Guest post contributed by Dave Scott, UX Director
Guest post contributed by Dave Scott, UX Director
The practice of User Experience (UX) is constantly growing and evolving, which can make it tough to describe. At GS&F, we’re quite familiar with helping our clients navigate the ins and outs of UX Design. Let’s dive into our process for approaching UX and walk through a tested method for delivering usable, engaging user experiences.
UX design is a process for designing digital products, apps, and websites. UX Designers have a broad range of skills across research and analysis, visual design, and technical execution. In the course of one project, our UX Designers could serve as researchers, product testers, and even talking skeleton makers.
Large product and SAAS (Software as a Service) companies may employ hundreds of UX professionals with specialized areas of focus such as UX Researcher, Strategist, Interaction Designer or UI Designer. But at GS&F, our nimble, highly skilled team of UX Designers are well-versed in leading projects throughout all aspects of the UX process. We move quickly and collaboratively, providing our clients with a pathway to starting up new experiences rapidly.
If you google “UX process,” you’ll see that there are many different approaches out there. The truth is that there is no one-size-fits-all approach that works for everyone. The size of the design and development teams, complexity of the project and focus of the company can all necessitate unique UX processes. Instead of a specific “formula” to get from A to B, our process consists of three phases: Discovery, Design, and Validation.
As the name implies, the Discovery phase of the project is focused on learning everything we can about the unique problems we are trying to solve. The goal of discovery is to identify clear business goals and KPIs, understand the needs of the users and uncover technical considerations. During this phase, we lead requirement gathering sessions, conduct qualitative and quantitative user research and uncover technical constraints alongside our development partners.
For example, when a healthcare client asked us to develop a new application to expedite patient check-in at their hospitals, our team went onsite to audit the check-in process. Direct observation helped to identify barriers that were impacting their current process.
Our design phase is highly collaborative and structured around constant feedback and learning. We guide project teams through our approach and focus on adding more detail at each iteration. At the start of the design phase we create user flows and sitemaps to help drive clarity on how the users will navigate through the experience. With increased clarity, we design wireframes (black and white page mockups) to obtain feedback on content needs and prioritization. Finally, visual designs and prototypes are created to demonstrate the finished product.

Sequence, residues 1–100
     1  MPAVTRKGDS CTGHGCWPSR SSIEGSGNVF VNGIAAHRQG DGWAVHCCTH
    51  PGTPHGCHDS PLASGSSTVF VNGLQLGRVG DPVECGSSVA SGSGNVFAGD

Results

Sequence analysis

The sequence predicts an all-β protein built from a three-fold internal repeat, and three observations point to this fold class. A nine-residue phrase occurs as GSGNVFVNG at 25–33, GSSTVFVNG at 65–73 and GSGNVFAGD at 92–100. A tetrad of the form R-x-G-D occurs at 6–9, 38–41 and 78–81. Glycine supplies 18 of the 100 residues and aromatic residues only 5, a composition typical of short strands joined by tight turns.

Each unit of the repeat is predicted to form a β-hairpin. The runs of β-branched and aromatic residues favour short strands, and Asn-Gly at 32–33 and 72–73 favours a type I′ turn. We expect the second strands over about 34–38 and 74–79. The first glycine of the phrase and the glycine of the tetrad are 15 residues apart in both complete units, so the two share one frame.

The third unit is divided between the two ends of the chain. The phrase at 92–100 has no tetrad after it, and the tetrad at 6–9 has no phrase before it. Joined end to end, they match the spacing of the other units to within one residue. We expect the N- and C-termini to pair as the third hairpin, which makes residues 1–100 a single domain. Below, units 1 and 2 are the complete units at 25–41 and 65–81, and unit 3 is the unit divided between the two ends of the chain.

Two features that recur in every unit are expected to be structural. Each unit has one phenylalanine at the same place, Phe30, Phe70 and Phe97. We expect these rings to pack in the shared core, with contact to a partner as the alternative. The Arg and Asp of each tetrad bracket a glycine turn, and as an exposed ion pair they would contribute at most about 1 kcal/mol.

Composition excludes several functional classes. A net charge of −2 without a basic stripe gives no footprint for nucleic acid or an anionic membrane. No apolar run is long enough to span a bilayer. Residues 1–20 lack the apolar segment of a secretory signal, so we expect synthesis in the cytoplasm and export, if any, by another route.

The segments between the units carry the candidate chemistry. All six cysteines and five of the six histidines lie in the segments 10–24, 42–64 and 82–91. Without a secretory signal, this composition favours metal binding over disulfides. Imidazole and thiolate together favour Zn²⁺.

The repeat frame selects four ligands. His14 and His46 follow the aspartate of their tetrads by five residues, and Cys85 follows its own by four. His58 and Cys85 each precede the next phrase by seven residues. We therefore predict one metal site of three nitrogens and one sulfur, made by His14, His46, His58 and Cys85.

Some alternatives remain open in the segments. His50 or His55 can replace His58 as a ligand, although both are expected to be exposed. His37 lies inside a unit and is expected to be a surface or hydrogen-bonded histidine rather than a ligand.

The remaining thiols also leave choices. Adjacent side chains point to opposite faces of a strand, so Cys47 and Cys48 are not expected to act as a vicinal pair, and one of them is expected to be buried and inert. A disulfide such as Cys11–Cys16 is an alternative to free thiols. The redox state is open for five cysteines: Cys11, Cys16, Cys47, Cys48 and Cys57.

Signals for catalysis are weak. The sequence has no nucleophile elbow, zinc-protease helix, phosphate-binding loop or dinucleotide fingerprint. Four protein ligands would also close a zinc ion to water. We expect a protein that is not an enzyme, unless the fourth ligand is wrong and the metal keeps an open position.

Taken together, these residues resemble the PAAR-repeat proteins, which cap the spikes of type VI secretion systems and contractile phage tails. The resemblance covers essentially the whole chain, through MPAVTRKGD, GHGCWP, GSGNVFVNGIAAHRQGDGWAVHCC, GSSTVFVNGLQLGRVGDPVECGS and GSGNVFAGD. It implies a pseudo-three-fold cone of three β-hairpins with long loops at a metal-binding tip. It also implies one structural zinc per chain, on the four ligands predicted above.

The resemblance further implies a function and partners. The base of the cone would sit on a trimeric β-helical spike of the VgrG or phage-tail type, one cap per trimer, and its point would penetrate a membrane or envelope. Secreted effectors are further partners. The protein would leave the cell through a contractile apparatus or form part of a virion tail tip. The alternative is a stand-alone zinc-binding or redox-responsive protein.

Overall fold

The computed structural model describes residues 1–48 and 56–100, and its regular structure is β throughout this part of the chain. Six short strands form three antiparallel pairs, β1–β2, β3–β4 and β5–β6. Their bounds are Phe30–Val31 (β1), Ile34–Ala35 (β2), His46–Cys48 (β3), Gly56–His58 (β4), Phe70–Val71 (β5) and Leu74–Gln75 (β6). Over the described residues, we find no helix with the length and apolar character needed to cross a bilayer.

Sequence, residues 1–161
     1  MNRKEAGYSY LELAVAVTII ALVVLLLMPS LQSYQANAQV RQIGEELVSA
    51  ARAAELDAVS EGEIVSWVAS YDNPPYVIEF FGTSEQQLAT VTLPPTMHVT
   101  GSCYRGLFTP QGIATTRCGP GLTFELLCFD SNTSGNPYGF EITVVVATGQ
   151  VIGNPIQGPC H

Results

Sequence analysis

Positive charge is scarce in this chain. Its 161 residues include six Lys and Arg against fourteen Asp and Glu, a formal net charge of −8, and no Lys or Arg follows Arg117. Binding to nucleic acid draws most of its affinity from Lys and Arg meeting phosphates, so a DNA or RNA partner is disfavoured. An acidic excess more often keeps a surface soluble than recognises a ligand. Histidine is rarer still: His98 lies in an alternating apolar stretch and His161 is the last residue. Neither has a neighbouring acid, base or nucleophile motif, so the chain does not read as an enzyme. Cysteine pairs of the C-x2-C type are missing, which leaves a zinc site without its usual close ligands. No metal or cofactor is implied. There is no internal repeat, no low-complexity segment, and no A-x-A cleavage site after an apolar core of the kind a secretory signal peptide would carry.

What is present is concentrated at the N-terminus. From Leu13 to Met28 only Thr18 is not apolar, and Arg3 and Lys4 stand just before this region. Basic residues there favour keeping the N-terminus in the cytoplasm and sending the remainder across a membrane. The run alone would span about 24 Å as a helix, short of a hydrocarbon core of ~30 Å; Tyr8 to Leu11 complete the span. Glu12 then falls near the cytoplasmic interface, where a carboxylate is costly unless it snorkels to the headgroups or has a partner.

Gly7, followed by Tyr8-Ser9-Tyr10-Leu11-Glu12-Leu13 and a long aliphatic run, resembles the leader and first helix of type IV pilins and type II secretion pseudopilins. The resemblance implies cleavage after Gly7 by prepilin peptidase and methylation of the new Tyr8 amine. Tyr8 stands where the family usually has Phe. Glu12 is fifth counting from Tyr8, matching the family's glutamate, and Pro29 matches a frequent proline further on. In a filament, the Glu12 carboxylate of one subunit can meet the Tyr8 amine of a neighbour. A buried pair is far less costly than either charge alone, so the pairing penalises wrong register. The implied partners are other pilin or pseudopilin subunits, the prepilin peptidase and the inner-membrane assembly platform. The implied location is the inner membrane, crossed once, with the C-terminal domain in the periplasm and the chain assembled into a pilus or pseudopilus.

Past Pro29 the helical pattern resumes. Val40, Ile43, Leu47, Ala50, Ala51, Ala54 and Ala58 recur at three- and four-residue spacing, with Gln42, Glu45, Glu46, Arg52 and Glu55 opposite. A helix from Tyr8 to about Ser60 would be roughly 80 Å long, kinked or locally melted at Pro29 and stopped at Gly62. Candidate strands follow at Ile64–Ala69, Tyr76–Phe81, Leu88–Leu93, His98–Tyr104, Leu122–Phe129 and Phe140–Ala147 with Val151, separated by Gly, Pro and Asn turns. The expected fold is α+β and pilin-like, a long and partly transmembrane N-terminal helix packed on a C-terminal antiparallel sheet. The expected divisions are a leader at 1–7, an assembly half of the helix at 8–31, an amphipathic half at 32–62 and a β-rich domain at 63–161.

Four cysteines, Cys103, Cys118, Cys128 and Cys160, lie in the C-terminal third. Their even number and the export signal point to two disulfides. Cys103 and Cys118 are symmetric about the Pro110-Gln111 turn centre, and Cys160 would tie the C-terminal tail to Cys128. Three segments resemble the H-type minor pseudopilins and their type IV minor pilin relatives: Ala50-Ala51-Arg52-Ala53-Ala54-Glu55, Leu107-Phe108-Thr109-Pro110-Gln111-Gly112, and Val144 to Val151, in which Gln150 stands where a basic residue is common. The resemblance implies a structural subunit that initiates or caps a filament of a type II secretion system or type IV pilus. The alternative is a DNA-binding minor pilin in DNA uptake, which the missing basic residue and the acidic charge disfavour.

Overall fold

Once designs are approved, our design team supports developers in bringing them to life through our agile development process. UX Designers prepare assets and documentation, answer questions and QA functionality alongside development in order to shepherd the product vision forward.
The Validation phase is essential to UX Design. During this phase, our UX Designers test the predictions that informed their designs to see whether their solutions will serve the user and the client’s needs to the fullest extent possible. User Testing, Google Analytics, Hotjar monitoring and ongoing user feedback are all vital to ensuring that the end solution is meeting the user’s needs. Validation’s goal is to identify stumbling blocks in the experience so we can tee up additional design efforts and alleviate these pain points.
For example, when working on an app for professional installers of A. O. Smith water heaters, a team member had a water heater installed at their house in order to test the connection and controls within the app through custom Bluetooth and WiFi code written by our team.
Discovery, Design, and Validation form an ongoing framework for continued product iteration. For that reason, it’s important to consider the process a repeating circle, not a straight line. Validation efforts should feed ongoing discovery, and additional discovery efforts help to drive new designs. Our team is happy to jump into the process no matter what phase of design a product is in—whether a client has a current website they would like analysis and user feedback on or if they are kicking off a brand new app from the ground floor. As end-user advocates and UX experts, we strive to create continued value for our clients through demonstrable benefits to their customers.
Our most forward-thinking clients recognize that the digital ecosystem is constantly changing. As technologies evolve and new competitors emerge, it is important to see digital products as a continuous investment.
By aligning on an initial release, and adding features directly based on feedback from users of that product, we can help drive adoption and retention of our experiences. At GS&F, we scale our UX Design process to meet our clients’ needs and budgets, while ultimately focusing on creating memorable, usable experiences.
Ready to talk UX with us? Let’s hop on a call.
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